Most of the English-speaking world knows Nikita Mikhalkov as director and star of “Burnt by the Sun.” I used to think this was an excellent thing. Now I am not sure. This has to do with the fact that I want the English-speaking world to also know (and love) Nikita Mikhalkov for “12” – the movie that deserves an Oscar no less, if not more. Just so more people can see it.
“12” is a loose adaptation of “12 Angry Men.” Although modernized – (here comes my only major criticism of the movie) it is nevertheless suffering from a dearth of female characters. Women are in the margins of the picture. At one point, a peripheral (but, as we come to find out, important) character is accused of acting on “jealousy typical of a female.” This is very Russian. Very dramatic and exclusionary. Very Mikhalkov. The film could have used an injection of Inna Churikova’s famed eccentricity, or Olga Ostroumova’s charm. Testosterone is Mikhalkov’s poison and, no matter how he would respond to these words if he saw them (not that he isn’t busy and important), female jurors would have improved the integrity of the film. An all-male jury seems almost Jurassic. Though the fact that Mikhalkov doesn’t have a terrific track-record wherein female characters are concerned (Julia Ormond in “The Barber of Siberia” was, I believe, a victim of poor decisions on Mikhalkov’s part – despite a few terrific scenes, he nevertheless appears to be more skilled at developing a man’s inner world) is a story best left for another bedtime.
In all other aspects, meanwhile, this film is a masterpiece.
A Chechen teenager who keeps terrible memories is accused of murdering his adopted father, a retired Russian officer. “Uncle Volodya,” as the kid calls him, was a friend of the Chechen’s slaughtered family. The case seems simple, but the doubts of one man gradually begin to reveal its inconsistencies; revealing also, in perfect symmetry, human tragedies as modern and immediate as life in Moscow, and as old as the world.
Many Russians (and Russian-speakers) don’t like Nikita Mikhalkov. They don’t like his immodesty. They don’t like the things he says in the press. The privileged life he led under the Soviet Union – and the privileged life he leads today.
None of this, and I mean none of this, should stop anyone from seeing “’12.” I’m going to put aside the film review clichés now – talk of “great performances” and the “potent symbolism” – and focus on the body of this movie. The terrible scars that run through it. The vulnerable, human warmth of it. The mystery.
The boy dances in his prison cell, just like he danced when separatist fighters rolled into town – the handsome, powerful, briefly joyous, briefly ominous men. There is the horrible intimacy of the murdered parents – the bullethole in the mother’s beautiful face and the knife in the father’s back. A small bird hops with what seems like merry impatience next to an icon of the Virgin Mary – “if you want to fly away, go ahead… if you want to stay-stay….” a man with a weary face tells the bird – “but let this be your decision.” A massive heating pipe snaking through a school gym like a monstrous anaconda tells the story of decades of apathy and indignity that have left an entire nation in tatters. And then there are stories, stories intertwining and giving birth to new stories: makeshift nooses in the hands of children, flying knives, fresh graves overflowing with water – dirty in more ways than one.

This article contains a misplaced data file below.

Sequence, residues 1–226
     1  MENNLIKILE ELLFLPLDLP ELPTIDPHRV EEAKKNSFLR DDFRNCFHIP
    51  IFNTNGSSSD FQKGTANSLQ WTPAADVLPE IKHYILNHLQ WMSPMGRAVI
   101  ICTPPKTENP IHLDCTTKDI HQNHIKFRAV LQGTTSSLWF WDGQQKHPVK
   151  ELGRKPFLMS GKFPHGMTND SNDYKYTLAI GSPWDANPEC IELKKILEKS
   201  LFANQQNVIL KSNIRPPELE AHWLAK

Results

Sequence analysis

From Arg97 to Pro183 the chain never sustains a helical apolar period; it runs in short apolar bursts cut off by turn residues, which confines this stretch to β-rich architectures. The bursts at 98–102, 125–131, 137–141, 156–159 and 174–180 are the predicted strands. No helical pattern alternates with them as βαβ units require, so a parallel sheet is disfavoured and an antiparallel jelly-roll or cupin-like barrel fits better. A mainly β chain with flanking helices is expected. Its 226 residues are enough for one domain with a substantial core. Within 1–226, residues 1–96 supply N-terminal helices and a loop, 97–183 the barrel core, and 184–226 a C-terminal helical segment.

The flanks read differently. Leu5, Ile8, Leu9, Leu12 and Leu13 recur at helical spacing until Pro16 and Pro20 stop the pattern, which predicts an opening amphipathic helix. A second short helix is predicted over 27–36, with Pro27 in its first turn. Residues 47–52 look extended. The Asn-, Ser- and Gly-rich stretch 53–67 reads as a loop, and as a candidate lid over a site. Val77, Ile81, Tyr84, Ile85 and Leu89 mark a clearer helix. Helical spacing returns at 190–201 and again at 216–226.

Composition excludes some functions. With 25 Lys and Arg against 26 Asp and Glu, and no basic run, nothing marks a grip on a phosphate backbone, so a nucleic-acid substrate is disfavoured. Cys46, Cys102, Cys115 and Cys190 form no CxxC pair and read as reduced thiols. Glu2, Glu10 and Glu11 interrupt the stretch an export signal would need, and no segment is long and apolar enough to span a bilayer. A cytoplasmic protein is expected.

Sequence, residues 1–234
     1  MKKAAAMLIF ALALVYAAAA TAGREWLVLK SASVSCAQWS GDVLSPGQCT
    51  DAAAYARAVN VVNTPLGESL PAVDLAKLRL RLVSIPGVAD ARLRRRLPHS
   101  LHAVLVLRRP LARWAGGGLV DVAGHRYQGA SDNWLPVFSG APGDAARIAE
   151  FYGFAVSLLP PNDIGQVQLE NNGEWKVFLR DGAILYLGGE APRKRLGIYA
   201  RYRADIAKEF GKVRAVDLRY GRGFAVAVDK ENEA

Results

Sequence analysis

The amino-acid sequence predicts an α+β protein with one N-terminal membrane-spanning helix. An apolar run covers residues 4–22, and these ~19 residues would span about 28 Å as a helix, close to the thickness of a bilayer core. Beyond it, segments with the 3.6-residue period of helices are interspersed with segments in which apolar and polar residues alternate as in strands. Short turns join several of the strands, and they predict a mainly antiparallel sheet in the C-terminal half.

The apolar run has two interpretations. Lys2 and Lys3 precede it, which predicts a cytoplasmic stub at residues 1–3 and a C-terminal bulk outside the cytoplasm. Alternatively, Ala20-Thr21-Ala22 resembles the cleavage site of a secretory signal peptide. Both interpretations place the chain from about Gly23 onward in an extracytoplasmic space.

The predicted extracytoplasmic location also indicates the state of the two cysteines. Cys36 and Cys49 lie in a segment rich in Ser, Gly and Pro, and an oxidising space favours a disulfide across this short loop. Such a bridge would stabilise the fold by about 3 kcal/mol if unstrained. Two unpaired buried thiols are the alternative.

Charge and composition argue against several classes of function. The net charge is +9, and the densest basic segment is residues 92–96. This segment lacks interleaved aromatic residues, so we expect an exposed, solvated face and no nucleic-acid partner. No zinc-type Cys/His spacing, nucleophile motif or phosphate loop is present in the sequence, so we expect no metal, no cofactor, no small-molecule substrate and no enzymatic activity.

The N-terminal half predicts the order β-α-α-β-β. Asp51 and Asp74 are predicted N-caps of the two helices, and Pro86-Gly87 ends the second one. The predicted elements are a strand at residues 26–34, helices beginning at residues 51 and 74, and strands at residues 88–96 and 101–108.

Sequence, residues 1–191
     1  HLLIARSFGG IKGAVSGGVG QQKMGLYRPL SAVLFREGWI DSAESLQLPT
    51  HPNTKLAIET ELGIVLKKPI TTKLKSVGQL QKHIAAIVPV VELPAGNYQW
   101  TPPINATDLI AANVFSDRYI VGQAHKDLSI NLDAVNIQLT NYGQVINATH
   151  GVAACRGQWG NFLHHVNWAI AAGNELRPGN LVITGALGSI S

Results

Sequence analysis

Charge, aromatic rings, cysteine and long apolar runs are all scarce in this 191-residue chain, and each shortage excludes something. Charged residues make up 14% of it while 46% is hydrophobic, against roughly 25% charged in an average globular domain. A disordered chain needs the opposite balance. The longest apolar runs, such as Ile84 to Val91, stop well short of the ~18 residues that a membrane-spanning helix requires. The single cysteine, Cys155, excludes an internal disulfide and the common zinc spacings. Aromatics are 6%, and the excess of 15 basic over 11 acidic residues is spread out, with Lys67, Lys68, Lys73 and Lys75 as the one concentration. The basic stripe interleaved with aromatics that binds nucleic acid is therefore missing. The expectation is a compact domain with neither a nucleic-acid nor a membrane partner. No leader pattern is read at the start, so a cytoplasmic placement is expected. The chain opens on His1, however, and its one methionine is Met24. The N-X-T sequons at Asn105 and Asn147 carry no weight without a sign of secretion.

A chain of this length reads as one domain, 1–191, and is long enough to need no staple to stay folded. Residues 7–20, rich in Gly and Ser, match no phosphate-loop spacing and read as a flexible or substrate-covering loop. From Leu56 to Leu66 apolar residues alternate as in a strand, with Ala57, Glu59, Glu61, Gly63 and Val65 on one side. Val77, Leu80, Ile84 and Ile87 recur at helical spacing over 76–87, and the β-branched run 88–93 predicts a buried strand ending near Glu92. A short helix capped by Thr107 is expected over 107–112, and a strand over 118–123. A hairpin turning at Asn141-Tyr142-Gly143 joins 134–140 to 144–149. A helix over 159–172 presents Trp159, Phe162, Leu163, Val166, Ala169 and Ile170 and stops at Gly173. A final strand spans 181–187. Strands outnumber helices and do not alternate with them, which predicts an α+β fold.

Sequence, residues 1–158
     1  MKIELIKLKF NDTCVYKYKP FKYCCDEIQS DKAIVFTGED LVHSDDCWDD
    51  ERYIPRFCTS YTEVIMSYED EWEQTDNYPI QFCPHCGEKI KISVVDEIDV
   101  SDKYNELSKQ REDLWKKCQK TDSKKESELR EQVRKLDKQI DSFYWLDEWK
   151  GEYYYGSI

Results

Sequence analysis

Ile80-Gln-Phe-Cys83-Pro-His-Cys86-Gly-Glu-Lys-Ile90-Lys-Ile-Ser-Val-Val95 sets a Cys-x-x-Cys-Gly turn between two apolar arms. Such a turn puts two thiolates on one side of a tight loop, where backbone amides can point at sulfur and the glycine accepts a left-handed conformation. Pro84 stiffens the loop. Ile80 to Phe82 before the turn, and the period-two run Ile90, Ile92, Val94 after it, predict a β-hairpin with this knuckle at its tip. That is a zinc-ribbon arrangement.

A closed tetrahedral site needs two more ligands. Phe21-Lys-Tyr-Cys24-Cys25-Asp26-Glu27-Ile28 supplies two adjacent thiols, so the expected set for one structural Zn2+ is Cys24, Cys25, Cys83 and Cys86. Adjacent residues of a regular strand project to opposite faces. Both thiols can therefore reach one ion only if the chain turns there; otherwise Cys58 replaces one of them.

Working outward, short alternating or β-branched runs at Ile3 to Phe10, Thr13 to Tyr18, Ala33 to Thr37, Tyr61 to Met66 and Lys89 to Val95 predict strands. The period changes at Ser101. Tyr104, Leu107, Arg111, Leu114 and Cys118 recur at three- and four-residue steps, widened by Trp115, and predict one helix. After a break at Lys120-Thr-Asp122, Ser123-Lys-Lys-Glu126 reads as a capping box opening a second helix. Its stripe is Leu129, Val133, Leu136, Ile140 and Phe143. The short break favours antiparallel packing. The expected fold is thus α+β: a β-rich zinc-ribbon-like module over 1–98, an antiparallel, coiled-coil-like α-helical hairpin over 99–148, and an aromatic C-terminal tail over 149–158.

Nikita Mikhalkov is a storyteller of Russia, but the stories themselves begin to morph and grow like shadows in the evening, capable of overtaking anyone, anywhere. The movie isn’t some exotic, tourist-y, BBC “country profile”-y jaunt through an ethnic conflict. It crushes you, resuscitates you, crushes you some more.
My friends have complained to me of this movie. Loudly. “Wtf, Mikhalkov still thinks that Russians have a shred of respect left for army officers?” – Maybe not today’s army officers. Maybe only yesterday’s. “Doesn’t he basically imply that the poor little Chechens need the big, courageous Russians to sort them out?” – Or does he actually imply that Russia has no right to shy away from responsibility for the bloody, pulpous mess in Chechnya? “Eeew, his haircut’s bad in it.” – That it is. The only physically attractive characters in this story are, in fact, the Chechens. The Russians are all rumpled, with nicotine-stained fingers.
This movie is flawed, and brilliant. See it. NOW. If you’re in the States, grab some journalist and shake him or her until a promotional copy falls out. Just kidding. But seriously – see it.
51 thoughts on “Nikita Mikhalkov’s “12” is the Best Movie I’ve Seen All Year”
Oh, wow. I’ll be on the lookout, then.
I liked Burnt by the Sun. I remember finding the end incredibly upsetting, that proud old man reduced to weeping (unless i’m misremembering, it’s been a while)
I look forward to seeing this. I agree with all your remarks about Mikhalkov and his image in Russia as well. Actually, I would even add to it – generally he plays the same character in all his films. He’s known for being sort of an arrogant jerk in real life. However, I think he is excellent as a director.
Burnt by the Sun is a great movie, of course, but I would also recommend Statski Sovetnik (Mikhalkov didn’t direct that one, but Yankovsky seems to have made good use of Mikhalkov’s acting habits).
Sadly, I see they have made a sequel to Burnt By the Sun. Supposedly Colonel Kotov escapes from some gulag and finds himself on the front lines in The Great Patriotic War as an ordinary soldier, etc.
I’m really hoping the sequel doesn’t tarnish the original.
I like Статский Советник a lot too.
It’s insanely hard for most men to write women. As a writer (not to say a successful one) I’ve noticed that male writers, even those who are stronger at their craft than I am on the whole, often can’t write a female character well. I think I do better than most, and that’s probably due more to a life spent mostly hanging with women rather than any innate talent. This is not any less true among published and popular authors; a lot of men write women who rarely transcend a status as props, and the ladies are lucky if they get enough attention to detail to come off as female caricatures. This reaches its logical (but extreme) conclusion with authors like Tom Robbins, who populates his books with dreamy, gorgeous women who spend all their time diddling themselves when they aren’t saving the world. I’d imagine this extends to filmmaking, to some extent.
By the way, I really liked “Burnt by the Sun”, if this is even better I’ll be checking it out for sure.